Differences between adjustable and fixed rate loans

With a fixed-rate loan, your monthly payment never changes for the life of your mortgage. The amount allocated for your principal (the actual loan amount) increases, however, your interest payment will decrease accordingly. The property tax and homeowners insurance which are almost always part of the payment will go up over time, but for the most part, payments on fixed rate loans vary little.

During the early amortization period of a fixed-rate loan, most of your payment goes toward interest, and a much smaller percentage goes to principal. The amount applied to your principal amount goes up gradually every month.

You might choose a fixed-rate loan to lock in a low rate. Borrowers choose fixed-rate loans because interest rates are low and they want to lock in this low rate. If you have an Adjustable Rate Mortgage (ARM) now, refinancing into a fixed-rate loan can offer greater monthly payment stability. If you currently have an Adjustable Rate Mortgage (ARM), we can help you lock in a fixed-rate at the best rate currently available. Call Executive Lending Group, LLC at (816) 525-8000 to discuss how we can help.

Adjustable Rate Mortgages — ARMs, as we called them above — come in many varieties. ARMs are generally adjusted twice a year, based on various indexes.

Most programs have a "cap" that protects you from sudden monthly payment increases. Some ARMs won't adjust more than 2% per year, regardless of the underlying interest rate. Your loan may feature a "payment cap" that instead of capping the interest directly, caps the amount the monthly payment can increase in one period. Almost all ARMs also cap your rate over the duration of the loan period.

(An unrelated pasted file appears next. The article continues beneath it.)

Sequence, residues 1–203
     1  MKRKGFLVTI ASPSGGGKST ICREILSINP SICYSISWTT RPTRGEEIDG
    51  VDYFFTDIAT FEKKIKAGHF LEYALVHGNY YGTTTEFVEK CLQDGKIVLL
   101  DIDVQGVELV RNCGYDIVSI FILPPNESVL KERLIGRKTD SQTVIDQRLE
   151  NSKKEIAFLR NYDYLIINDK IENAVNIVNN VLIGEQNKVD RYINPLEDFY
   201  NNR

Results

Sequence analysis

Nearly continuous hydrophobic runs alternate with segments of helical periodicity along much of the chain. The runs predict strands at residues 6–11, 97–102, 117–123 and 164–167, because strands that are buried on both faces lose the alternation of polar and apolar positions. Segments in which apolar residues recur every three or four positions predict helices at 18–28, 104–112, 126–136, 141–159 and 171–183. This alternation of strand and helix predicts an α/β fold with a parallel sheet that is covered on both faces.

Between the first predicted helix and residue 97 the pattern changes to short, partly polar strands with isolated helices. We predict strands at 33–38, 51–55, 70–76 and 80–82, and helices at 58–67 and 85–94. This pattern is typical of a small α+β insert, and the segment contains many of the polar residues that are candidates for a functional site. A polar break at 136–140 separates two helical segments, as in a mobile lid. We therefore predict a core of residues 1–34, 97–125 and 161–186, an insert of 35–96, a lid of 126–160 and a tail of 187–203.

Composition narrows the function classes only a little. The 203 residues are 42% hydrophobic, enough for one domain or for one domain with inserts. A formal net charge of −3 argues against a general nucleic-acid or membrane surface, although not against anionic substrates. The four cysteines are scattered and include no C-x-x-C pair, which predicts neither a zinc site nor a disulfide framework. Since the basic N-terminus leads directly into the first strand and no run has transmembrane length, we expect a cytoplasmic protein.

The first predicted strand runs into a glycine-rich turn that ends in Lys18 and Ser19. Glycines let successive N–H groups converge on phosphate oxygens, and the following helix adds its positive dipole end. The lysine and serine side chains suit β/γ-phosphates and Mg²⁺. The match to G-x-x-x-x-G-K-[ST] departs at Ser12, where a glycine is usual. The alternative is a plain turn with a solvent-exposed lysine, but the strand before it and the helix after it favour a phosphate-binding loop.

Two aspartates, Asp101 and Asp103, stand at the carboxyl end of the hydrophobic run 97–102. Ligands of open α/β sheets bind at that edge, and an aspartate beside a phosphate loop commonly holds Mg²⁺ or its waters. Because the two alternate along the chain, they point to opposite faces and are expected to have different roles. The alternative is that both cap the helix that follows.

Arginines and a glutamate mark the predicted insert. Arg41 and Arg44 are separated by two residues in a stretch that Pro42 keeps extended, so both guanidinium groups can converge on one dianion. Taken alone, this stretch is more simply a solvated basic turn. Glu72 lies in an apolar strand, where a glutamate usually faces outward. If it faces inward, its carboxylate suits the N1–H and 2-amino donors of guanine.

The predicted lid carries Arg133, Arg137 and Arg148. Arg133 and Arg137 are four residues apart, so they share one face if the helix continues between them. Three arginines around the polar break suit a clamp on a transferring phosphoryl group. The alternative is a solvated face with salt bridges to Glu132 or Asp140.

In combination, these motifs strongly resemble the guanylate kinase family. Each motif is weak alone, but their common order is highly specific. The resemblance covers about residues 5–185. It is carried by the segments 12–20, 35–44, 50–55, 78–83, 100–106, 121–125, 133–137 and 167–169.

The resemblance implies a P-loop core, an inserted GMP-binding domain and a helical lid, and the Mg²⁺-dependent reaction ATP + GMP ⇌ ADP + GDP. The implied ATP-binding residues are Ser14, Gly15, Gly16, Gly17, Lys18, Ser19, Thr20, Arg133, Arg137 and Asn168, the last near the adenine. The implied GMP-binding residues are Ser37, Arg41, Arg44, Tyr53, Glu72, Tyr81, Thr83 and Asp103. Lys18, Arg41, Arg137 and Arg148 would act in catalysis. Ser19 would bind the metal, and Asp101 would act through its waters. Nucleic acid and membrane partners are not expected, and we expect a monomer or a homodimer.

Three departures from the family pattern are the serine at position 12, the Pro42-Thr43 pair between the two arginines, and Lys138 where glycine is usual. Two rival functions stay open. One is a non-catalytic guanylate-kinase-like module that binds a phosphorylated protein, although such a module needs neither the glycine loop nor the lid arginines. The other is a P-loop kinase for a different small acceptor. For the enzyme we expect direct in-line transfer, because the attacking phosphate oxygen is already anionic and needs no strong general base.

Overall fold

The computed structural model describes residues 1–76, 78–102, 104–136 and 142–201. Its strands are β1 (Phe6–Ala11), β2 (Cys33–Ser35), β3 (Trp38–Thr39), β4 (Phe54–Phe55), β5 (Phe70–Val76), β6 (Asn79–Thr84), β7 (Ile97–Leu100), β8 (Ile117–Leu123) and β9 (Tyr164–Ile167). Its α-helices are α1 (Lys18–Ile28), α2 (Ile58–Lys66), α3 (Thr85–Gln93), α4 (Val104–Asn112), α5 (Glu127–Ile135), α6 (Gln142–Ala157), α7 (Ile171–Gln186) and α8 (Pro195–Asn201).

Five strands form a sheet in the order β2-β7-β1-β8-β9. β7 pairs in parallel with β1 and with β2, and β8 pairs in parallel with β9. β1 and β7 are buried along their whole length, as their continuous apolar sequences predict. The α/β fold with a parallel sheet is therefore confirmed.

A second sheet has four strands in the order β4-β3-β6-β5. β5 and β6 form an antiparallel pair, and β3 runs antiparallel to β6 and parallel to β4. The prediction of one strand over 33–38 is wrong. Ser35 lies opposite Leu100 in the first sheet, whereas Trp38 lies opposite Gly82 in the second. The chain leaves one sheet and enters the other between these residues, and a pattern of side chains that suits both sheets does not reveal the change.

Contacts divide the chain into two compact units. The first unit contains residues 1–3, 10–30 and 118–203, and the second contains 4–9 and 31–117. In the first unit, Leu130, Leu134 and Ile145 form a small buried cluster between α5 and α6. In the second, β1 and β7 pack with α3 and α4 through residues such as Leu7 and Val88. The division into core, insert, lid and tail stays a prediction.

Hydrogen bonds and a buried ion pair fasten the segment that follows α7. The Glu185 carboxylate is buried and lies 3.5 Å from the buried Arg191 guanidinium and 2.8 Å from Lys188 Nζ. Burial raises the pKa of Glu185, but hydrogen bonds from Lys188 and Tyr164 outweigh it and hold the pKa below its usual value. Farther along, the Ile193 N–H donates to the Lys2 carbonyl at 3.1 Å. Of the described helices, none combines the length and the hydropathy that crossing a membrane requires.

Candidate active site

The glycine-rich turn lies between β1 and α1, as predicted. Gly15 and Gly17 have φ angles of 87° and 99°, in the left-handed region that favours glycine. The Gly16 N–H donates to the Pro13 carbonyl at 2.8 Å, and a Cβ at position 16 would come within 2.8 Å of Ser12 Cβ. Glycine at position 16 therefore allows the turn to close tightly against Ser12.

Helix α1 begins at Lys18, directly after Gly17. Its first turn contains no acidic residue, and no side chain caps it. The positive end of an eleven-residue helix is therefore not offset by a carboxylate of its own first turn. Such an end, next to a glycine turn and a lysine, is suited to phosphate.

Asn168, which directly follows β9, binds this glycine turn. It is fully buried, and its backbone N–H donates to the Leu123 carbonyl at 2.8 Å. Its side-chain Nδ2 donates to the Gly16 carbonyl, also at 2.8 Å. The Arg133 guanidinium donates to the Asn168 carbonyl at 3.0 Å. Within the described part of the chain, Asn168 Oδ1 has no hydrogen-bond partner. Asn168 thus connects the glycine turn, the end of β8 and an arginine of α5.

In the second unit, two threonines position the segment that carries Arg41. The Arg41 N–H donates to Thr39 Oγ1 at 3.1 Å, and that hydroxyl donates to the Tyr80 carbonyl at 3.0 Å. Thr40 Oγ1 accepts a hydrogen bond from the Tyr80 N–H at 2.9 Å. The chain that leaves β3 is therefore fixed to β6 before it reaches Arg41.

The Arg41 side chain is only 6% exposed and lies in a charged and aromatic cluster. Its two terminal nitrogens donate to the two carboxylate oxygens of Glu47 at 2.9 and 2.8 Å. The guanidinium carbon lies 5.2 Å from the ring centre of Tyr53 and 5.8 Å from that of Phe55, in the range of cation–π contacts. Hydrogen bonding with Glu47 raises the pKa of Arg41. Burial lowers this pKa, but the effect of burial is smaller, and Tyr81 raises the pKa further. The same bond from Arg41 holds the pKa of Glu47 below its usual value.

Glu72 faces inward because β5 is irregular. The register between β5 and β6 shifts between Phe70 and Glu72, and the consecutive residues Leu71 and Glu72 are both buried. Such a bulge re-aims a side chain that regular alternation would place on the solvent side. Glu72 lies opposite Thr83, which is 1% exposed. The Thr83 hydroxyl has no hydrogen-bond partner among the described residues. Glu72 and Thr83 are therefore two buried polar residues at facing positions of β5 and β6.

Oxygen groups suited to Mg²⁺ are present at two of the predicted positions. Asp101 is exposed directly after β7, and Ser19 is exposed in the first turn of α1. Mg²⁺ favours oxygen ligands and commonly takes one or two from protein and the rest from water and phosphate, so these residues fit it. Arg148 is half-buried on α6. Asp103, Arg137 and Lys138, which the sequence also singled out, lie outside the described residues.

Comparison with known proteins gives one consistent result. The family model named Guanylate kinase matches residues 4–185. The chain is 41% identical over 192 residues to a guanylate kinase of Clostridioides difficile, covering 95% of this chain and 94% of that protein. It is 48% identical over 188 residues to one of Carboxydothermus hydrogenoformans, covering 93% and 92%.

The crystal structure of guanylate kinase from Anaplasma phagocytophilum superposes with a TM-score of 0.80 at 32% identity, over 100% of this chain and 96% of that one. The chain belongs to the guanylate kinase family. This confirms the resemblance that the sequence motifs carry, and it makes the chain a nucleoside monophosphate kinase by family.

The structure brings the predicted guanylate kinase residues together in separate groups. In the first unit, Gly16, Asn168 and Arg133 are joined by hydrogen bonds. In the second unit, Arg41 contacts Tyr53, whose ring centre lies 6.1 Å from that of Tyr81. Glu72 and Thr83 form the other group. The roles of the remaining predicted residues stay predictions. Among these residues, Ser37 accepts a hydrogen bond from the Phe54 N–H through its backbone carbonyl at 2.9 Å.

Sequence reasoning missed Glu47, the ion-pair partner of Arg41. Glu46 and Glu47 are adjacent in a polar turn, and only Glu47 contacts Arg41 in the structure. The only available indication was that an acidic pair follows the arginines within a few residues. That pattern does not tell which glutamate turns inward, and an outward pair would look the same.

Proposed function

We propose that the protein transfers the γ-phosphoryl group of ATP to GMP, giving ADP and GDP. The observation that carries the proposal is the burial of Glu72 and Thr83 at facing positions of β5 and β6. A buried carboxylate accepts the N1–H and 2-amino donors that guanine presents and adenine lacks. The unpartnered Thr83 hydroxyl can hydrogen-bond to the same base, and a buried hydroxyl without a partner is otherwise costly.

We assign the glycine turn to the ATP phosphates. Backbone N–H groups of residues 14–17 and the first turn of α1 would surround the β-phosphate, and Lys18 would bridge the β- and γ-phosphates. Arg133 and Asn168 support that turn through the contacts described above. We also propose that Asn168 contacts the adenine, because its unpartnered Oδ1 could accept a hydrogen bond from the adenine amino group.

ARMs usually start at a very low rate that usually increases over time. You may have heard about "3/1 ARMs" or "5/1 ARMs". For these loans, the initial rate is set for three or five years. It then adjusts every year. These loans are fixed for 3 or 5 years, then adjust after the initial period. Loans like this are usually best for borrowers who anticipate moving in three or five years. These types of adjustable rate loans are best for people who will move before the loan adjusts.

You might choose an ARM to get a very low initial interest rate and plan on moving, refinancing or absorbing the higher rate after the introductory rate goes up. ARMs can be risky when housing prices go down because homeowners could be stuck with increasing rates if they can't sell their home or refinance with a lower property value.

Have questions about mortgage loans? Call us at (816) 525-8000. It's our job to answer these questions and many others, so we're happy to help!

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